Pour the contents of the berry tub into a large stock pot and mash the berries with a potato masher. Turn the heat on high and bring the berry mixture to a boil, stirring constantly with a wooden paddle or long wooden spoon to avoid burning the jam. The objective is to boil off enough liquid and raise the heat of the mixture high enough to reach the gel point for jam. The cooking time depends on how wide your pot is, but keep stirring and boiling the berry mixture until you notice that it has reduced some and has started to thicken (15 minutes or more).
We’re thickening the jam naturally using sugar and cooking time, and so it’s important to start checking for the “gel point” after you notice that the mixture has started to reduce and thicken. To test the gel point, take a small plate from the freezer and use a small spoon to put a dollop of jam at the center of the plate. Return the plate to the freezer for a minute. (This process mimics what the jam will be like at room temperature.) Retrieve the plate from the freezer and hold the plate up to allow the jam mixture to run down the plate. The jam is “set” when it stays in a clump as it runs down the plate.
Once the jam is set, move the pot off the burner and to the side. Fill the hot water canner with enough water to cover the jars by a couple inches and bring it to a boil.
If you are adding vanilla, cut the bean lengthwise, scrape the seeds into the hot jam and then toss in the bean. While you wait for the hot water to come to a boil, stir the jam occasionally to allow the raspberry and vanilla flavors to marry. Taste the jam occasionally and remove the vanilla bean when you’re satisfied with the flavor. (I left it in for about 15 minutes.)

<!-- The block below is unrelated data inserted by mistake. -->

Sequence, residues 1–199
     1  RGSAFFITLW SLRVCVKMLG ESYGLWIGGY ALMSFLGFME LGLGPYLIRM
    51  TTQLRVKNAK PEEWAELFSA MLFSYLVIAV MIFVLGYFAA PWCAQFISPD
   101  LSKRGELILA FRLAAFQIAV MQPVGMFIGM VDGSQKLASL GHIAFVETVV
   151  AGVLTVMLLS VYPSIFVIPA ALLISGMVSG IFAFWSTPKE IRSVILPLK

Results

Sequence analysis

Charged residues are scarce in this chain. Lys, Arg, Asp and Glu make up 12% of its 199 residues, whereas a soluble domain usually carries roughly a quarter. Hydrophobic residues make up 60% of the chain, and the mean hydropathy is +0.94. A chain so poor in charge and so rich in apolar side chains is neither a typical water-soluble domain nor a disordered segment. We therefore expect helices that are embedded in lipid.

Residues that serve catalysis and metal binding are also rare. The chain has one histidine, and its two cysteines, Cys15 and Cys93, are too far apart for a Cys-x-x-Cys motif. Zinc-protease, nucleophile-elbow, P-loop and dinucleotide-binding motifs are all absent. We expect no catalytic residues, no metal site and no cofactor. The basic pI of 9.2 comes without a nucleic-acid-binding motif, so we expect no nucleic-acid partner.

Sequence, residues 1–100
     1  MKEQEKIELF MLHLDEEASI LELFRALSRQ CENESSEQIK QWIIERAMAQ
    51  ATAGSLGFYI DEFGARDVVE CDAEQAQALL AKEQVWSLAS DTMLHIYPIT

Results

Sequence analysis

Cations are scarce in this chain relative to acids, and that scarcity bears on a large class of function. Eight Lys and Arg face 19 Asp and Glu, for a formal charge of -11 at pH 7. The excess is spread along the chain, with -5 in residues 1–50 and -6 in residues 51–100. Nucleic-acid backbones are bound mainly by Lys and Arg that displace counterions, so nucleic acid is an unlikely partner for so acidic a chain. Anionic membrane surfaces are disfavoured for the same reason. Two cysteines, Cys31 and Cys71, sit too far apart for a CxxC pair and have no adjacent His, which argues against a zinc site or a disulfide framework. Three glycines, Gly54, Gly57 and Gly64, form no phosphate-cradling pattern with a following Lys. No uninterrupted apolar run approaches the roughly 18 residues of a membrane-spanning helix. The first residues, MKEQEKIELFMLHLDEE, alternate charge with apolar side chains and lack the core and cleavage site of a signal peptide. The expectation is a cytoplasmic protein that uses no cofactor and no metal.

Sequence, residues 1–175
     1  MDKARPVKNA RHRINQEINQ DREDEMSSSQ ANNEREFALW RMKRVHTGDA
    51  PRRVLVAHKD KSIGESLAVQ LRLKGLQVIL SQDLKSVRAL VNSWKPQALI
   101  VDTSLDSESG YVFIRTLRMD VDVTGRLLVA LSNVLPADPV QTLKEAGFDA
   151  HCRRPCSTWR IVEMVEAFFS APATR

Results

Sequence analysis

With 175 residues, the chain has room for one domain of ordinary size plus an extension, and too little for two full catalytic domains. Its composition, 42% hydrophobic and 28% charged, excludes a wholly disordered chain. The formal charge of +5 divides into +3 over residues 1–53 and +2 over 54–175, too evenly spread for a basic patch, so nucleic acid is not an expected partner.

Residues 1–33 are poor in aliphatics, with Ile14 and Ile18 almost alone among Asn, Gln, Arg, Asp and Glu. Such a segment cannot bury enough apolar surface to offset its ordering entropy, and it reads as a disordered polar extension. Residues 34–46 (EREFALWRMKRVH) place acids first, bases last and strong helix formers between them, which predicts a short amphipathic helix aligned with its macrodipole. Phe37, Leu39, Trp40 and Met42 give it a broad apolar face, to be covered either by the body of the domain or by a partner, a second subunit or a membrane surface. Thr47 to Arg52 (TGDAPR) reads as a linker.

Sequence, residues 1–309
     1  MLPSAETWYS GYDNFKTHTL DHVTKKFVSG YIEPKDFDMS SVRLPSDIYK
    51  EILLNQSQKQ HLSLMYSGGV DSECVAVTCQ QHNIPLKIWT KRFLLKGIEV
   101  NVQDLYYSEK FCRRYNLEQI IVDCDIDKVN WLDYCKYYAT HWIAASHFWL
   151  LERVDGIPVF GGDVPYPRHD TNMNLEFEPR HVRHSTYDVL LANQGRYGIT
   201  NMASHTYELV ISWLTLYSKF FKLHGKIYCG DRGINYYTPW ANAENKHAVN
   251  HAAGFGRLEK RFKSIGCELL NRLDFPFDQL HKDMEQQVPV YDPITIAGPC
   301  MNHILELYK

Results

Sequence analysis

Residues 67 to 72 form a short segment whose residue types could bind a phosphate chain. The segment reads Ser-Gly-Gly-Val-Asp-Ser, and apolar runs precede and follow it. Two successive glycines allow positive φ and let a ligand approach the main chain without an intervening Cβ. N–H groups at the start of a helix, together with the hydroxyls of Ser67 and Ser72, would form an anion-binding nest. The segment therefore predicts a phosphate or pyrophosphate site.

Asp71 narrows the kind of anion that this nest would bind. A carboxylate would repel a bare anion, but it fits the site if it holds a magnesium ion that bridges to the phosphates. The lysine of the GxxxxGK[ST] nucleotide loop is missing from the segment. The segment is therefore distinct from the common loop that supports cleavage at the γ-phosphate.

Ladle the jam into jars, leaving a 1/4 inch of head space. Wipe the rims of the jars clean (this is essential to ensure a complete seal) and put the lids on the jars. Screw the lids until fingertip tight — just until you feel resistance and the jar tries to turn on its own. Do not over tighten the lids.
Put the jars in the canning rack and, while wearing gloves, carefully lower the rack of jars into the boiling water. “Process” (i.e., allow to sit) the jars in the hot water bath for 5 minutes. Then, while wearing gloves, carefully lift the canning rack out of the boiling water and remove the jars to a cutting board to cool. Tighten the lids slightly — just an 1/8 or 1/4 of a turn — because over-tightening could prevent a complete seal from forming.
Check the lids after a few minutes. The “button” part of the lid should be drawn inward so that the lid is flat. If you see this, congrats! The jars are sealed! If any of the jars failed to seal, simply re-process them in the boiling water for a few more minutes.
Once the jars are cool enough to touch, use a Sharpie to label the lid of the jar with the contents and date so that you know what’s in the jar and when you made it. The jar of jam can last more than a year, but every source I’ve encountered encourages consumption within a year to enjoy the best color, texture and flavor.
Finally, for all you urbanite canning virgins out there, here’s a note on canning etiquette: If someone gives you a jar of jam, please return the jar after you eat the jam. If you give someone a jar of jam, it is ok to say, “please return the jar after you enjoy it.” Jars are reuseable, after all! Return the jar, get a refill! 🙂
Feel free to leave questions in the comments and I’ll do my best to answer them!